Step by Step

Blog Post created by Thomas3.20.2010 on Nov 10, 2019

As you enter those first hours and days of your quit journey you may be filled with diametrically opposing yet coexisting feelings: joy and sadness, peace and anger, calm and nerves, and many more feelings. This phenomenon is not uncommon in the human experience but we generally are able to select one of the opposites to focus on and reject or ignore it's inverse. Smoking Cessation especially during physical withdrawal can make these emotions feel like they are rippling though us like a roller coaster.


I experienced these days with a pumping of adrenaline that left me wired and tired and sleeplessly energized. Others feel a deep depression and haven't the energy to get out of bed. After the physical withdrawal these symptoms don't disappear but subside into manageable increments. Extra rest whenever possible can help manage these early days.


But what about the following days? We might expect that after 3-5 days we're quit. Perhaps you have a family member or friend who seemed to lay down the pack and be done - just like that! I don't know of anybody who is asked more questions to be like that despite appearances - perhaps there are. Good for them but I wouldn't count on it!


Knowing what the triggers of cravings are does help: people, places and things. Some we can distance ourselves from and others we will need to overcome in the moment. The critical boss, annoying neighbor, fussy sibling - we all have folks in our lives some of whom we can stay away from (at least temporarily) and some we can explain our project of smoking cessation which will license them to take it easy and some who won't change their attitude at all. Be prepared - walk away if you can but when you can't walk away, have a plan of resistance.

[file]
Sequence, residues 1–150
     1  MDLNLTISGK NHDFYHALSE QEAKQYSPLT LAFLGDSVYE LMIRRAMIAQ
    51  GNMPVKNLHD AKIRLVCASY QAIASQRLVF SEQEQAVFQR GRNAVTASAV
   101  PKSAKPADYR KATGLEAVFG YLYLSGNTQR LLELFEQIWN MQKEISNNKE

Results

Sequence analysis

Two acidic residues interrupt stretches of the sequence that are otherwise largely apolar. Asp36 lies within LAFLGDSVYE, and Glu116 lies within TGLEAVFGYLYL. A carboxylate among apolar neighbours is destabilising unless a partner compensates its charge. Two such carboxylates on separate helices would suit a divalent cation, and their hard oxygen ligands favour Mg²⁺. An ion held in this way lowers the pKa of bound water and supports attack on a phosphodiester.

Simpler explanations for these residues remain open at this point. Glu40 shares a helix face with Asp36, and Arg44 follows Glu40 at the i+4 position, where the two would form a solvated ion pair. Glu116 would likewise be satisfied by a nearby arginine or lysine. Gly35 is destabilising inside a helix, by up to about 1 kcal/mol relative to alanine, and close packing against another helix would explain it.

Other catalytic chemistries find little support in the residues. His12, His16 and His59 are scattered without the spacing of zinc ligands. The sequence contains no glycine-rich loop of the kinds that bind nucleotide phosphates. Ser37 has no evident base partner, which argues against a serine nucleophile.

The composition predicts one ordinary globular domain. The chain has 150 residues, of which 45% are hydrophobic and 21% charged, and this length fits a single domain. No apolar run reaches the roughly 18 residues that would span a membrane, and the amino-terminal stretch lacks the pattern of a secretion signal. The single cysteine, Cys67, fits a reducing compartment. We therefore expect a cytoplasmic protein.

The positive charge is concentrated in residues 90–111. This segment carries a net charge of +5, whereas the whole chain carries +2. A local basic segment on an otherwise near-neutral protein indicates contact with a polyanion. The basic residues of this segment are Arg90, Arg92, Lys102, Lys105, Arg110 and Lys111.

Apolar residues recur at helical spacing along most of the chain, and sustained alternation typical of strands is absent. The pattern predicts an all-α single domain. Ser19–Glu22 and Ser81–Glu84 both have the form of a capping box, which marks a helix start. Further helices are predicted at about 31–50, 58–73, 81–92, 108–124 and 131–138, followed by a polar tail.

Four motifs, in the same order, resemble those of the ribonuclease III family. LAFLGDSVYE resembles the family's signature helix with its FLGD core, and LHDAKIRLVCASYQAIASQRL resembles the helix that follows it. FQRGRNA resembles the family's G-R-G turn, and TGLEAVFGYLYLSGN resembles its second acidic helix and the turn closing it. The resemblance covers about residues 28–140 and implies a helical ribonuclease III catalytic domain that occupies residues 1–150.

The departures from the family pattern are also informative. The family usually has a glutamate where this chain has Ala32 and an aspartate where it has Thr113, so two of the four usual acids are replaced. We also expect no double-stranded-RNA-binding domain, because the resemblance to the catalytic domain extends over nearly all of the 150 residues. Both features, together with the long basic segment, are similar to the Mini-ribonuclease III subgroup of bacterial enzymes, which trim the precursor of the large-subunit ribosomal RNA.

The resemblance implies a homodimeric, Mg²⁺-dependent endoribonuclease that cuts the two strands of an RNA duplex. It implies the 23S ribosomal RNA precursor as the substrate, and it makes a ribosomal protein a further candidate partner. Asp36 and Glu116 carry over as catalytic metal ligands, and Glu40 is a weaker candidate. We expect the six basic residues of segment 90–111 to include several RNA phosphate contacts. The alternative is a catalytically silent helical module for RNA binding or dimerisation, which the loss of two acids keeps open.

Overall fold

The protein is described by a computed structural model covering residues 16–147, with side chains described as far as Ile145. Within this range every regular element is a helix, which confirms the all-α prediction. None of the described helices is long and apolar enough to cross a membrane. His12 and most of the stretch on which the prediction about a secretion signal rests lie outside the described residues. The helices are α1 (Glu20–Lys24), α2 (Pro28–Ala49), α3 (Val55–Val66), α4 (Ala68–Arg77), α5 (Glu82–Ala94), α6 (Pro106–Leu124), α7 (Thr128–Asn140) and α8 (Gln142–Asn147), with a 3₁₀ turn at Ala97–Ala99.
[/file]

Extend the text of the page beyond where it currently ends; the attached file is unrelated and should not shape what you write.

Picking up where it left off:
Places are easier - clean out your house, car, patio or other prior smoking places. Stay away from work break smoking areas. Don't go into or even near that gas station, convenience store or tobacco shop. I had my wife fill gasoline in my car until I was ready to take on temptation. I took it n steps. Soon I could fill my car with a card from the pump and not go inside. Later I could actually go inside and buy a cold drink or a pack of gum. It took a lot of inching in little by little and I still found it challenging.


Things - even easier if you really want to quit - no lighters, ashtrays, favorite paraphernalia and - certainly, no pack to prove you can keep it without smoking! Get rid of them! That's proof enough of intent. Alcohol - it's too tough to quit sober so why add fuel to the fire? You can make quitting easy or hard and you can make relapsing (i.e. "slipping") easy or hard.


Yes, you will have to get through some unexpected triggers but many can be avoided. Why make quitting harder than it already is? If you mean it - live it - one moment at a time. Ask yourself if the decision you make right now is in support of your smoking cessation or pushing the limits. If you push you will get pushed back. "Scientists have found, for instance, that nicotine is as addictive as heroin, cocaine or amphetamines, and for most people more addictive than alcohol."



Take it one step at a time and make Successful related decisions about people, places, and things!  That's challenge enough! You can do this! Not One Puff Ever! It's the only way - with or without quit aids.


LLAP! ["Live long and prosper!"]